The oil industry and biofuel supporters groused about the Environmental Protection Agency’s decision Thursday to leave the renewable fuel standard largely untouched after months of haggling about the targets.
Chet Thompson, president of another oil and gas trade group, American Fuel and Petrochemical Manufacturers, trashed the EPA’s finalized rule, telling reporters Friday that the “EPA did exactly what Senator Grassley demanded, bowing the knee to King Corn.”
Thompson was referring to Republican Sen. Chuck Grassley’s threats to scuttle a slew of President Donald Trump’s nominees for EPA roles over concerns the administration was considering cutting the standard.
“Plenty of senators” are considering opposing Trump EPA picks, unless the agency backs off a plan to dial down the renewable fuel standard, said Grassley, of Iowa, in October. Other Midwestern state lawmakers joined his campaign.
“Hold up EPA nominees. I think there’s plenty of senators would do that,” Grassley told reporters at the time when asked how he planned to hold EPA administrator Scott Pruitt and Trump to the fire.
Even Grassley was not enthused about the EPA’s decision Thursday to keep the mandate mostly unchanged.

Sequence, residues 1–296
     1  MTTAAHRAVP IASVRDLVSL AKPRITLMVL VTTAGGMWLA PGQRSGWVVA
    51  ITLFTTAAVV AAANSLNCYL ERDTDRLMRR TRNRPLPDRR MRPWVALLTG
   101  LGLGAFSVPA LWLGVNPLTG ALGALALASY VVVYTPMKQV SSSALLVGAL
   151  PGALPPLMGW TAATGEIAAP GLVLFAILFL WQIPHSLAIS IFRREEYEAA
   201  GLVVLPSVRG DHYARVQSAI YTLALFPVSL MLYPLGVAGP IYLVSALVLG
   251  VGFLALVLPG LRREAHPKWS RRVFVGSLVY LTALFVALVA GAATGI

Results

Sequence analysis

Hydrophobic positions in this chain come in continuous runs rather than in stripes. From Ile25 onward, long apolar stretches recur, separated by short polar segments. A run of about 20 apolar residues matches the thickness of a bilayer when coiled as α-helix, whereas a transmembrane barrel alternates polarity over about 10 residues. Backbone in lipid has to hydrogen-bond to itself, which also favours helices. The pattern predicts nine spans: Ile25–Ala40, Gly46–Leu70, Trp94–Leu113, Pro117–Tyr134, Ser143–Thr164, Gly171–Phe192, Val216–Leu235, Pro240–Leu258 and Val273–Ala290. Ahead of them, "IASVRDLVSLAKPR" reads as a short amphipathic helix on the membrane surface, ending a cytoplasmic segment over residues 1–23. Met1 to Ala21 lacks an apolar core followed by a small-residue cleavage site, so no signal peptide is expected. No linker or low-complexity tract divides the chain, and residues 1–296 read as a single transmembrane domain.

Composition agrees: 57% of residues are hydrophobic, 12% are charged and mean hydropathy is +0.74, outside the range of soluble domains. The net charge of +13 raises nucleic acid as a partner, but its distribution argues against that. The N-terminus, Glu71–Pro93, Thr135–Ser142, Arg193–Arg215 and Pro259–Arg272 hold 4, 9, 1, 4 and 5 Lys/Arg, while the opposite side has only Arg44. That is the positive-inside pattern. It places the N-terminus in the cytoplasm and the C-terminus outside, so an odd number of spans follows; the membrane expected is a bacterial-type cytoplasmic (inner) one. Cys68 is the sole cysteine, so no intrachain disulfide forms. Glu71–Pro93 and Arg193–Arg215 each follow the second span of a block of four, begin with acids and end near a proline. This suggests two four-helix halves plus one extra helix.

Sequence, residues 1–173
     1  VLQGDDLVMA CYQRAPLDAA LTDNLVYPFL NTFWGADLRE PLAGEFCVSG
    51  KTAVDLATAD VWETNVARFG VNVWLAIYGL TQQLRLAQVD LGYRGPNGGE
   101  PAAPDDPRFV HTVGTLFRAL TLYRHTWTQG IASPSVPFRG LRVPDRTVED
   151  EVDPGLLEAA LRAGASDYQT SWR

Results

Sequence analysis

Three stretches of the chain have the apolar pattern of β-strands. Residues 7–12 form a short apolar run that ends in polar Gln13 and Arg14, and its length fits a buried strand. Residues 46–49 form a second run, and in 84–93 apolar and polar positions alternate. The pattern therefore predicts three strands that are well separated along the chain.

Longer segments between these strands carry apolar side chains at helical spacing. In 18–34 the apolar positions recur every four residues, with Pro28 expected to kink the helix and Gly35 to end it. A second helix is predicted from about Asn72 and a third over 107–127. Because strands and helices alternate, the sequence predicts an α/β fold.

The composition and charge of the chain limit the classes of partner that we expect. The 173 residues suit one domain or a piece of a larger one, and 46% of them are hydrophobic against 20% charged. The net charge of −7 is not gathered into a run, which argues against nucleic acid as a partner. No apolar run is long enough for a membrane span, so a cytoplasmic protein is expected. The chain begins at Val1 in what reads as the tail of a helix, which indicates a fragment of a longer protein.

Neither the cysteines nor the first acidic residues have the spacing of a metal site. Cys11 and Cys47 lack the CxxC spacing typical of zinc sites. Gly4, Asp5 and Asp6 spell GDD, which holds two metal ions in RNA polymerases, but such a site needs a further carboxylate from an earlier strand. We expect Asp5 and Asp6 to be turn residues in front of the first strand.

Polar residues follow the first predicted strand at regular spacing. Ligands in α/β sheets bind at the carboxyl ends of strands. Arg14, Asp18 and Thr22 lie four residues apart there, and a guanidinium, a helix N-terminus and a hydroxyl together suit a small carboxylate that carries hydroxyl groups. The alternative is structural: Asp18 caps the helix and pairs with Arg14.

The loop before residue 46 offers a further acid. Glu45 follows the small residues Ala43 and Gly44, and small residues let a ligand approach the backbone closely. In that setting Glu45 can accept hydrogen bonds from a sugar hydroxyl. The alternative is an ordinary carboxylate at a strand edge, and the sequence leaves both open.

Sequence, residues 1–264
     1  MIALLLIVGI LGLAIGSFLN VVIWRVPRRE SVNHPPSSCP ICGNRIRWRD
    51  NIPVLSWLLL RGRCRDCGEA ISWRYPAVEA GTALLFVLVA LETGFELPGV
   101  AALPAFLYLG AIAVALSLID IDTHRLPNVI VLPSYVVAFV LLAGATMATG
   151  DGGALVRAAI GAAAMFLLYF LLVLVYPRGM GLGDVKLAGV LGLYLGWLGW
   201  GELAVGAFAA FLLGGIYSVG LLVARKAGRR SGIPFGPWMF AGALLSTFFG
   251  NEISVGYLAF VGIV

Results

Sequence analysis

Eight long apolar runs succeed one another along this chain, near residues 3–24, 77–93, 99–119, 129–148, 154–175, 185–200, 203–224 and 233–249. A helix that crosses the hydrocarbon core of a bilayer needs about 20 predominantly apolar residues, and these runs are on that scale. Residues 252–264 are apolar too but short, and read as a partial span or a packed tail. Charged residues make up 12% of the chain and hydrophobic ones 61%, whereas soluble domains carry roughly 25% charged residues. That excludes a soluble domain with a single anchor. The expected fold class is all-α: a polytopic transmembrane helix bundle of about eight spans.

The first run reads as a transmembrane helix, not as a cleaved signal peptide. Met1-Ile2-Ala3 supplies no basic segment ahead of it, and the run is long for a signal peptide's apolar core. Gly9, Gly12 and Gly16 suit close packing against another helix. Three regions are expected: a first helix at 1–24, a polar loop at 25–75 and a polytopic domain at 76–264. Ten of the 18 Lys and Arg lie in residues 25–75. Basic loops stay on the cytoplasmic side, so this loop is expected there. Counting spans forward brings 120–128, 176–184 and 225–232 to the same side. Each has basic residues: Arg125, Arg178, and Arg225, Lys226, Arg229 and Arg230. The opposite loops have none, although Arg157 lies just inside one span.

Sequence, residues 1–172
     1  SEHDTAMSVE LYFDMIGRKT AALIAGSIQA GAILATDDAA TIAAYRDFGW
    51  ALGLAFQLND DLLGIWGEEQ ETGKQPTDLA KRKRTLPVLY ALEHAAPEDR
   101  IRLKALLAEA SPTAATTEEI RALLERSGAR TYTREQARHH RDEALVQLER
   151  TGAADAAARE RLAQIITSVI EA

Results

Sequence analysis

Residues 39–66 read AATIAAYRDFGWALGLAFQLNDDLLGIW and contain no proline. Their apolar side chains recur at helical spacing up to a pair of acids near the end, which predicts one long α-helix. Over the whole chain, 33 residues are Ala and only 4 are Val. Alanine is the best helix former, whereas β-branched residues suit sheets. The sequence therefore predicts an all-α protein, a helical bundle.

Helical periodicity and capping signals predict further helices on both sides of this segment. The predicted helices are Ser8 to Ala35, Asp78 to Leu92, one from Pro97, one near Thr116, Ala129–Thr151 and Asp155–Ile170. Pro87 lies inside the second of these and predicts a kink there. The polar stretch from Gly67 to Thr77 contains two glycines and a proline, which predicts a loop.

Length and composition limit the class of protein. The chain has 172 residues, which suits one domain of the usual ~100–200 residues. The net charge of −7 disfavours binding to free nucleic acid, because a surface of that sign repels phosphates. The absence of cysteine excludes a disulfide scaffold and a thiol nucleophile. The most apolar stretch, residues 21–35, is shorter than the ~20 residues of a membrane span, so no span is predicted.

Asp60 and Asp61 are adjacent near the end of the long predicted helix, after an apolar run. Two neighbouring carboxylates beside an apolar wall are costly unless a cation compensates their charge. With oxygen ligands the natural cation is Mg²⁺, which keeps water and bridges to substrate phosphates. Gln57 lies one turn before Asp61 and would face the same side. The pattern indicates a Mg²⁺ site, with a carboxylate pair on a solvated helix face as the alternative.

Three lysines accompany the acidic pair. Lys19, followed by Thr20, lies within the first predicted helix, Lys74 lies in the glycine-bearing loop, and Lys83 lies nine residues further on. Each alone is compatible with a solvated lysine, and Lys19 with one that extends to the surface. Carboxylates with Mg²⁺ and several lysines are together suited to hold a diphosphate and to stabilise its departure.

The agency didn’t cave into demands from biofuel producers to raise targets. “Renewable volume obligations fall short of the full potential of the U.S. biofuels industry,” Grassley said in a statement following the announcement.
“The lack of increase for biodiesel levels and the cut in cellulosic level requirements,” he noted, referring to the EPA’s final standard, that requires the oil industry to mix 288 million gallons standard into its fuel. The agency proposed a smaller standard in July of 238 million gallons.
Trump eventually ordered the agency to hold off on changes in late October amid the political backlash. It appears the back-peddling and acquiescing did little to satisfy any of the sides involved in the pitched battle.
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